New energy in SAARC: Summit salvaged as India, Pakistan PMs smile

In diplomacy, a seemingly impossible situation can change dramatically in a few hours’ time. And so it was with the 18th SAARC summit. The jamboree of the South Asian leaders was dismissed till last night as a no-show till some fresh air and spirited talk among leaders at a resort town outside the mountain city of Kathmandu reversed the gloom and doom narrative, with SAARC signing a potentially defining pact on sharing electricity.
As the curtains came down on the two-day SAARC summit, the optics of the summit had changed radically, with the leaders of India and Pakistan warmly shaking hands after the leaders unanimously adopted the Kathmandu Declaration that outlined a reasonably doable agenda for intensifying multifarious cooperation across the spectrum.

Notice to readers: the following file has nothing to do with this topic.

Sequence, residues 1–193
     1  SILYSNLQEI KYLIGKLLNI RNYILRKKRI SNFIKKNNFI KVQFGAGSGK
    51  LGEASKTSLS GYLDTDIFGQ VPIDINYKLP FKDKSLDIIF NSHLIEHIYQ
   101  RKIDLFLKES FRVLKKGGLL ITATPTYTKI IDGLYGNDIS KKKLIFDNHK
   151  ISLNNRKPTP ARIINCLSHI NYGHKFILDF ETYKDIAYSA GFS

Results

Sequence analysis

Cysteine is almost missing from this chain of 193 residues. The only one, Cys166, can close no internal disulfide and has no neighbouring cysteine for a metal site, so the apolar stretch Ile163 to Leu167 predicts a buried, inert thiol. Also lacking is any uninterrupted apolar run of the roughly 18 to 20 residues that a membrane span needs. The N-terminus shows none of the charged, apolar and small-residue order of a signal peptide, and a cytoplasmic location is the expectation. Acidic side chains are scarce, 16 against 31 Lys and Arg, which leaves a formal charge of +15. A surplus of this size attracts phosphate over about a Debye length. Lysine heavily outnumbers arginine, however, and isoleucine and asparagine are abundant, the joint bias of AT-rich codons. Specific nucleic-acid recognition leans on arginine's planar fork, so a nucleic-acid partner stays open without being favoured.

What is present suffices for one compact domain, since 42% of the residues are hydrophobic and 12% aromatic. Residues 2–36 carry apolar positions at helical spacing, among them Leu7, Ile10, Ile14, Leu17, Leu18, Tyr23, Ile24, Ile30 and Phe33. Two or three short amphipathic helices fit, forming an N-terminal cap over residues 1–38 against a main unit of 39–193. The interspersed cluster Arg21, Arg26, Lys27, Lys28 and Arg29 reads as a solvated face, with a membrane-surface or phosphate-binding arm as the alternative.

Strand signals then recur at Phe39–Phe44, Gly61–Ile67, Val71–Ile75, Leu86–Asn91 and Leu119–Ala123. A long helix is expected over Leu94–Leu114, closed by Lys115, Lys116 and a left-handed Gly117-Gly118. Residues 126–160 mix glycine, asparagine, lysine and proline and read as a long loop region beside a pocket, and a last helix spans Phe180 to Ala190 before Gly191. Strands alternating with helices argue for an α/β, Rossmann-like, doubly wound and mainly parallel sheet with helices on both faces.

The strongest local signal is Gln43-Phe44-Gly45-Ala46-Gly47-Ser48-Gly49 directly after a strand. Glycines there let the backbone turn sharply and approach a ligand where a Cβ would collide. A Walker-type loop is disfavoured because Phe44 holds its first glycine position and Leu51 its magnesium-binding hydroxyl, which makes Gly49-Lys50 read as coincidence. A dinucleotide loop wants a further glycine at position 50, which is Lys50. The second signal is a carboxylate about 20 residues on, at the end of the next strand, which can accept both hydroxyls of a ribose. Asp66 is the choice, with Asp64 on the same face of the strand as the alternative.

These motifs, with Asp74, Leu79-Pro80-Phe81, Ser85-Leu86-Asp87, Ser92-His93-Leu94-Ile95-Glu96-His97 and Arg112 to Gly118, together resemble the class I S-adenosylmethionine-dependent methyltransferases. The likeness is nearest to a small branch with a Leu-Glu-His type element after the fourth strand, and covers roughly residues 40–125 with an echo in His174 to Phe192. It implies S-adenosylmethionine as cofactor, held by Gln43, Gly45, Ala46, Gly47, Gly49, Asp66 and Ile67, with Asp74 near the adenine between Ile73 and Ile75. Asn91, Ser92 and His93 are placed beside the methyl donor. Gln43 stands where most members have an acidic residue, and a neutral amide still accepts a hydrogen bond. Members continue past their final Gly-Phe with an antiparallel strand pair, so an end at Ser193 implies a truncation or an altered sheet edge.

India, which was looking visibly disappointed at the stalling of the three SAARC pacts on energy, road and rail connectivity by Pakistan, heaved a sigh of relief with Pakistan’s Prime Minister Nawaz Sharif finally going along with other SAARC leaders to give his assent to the pact on creating a regional power grid.
In the end, it was the relaxed and informal interaction among leaders at the retreat at Dhulikhel, an idyllic resort town located nearly 30 km away from the capital Kathmandu, that did the trick. The view of the majestic Himalayas may have helped clear the air.

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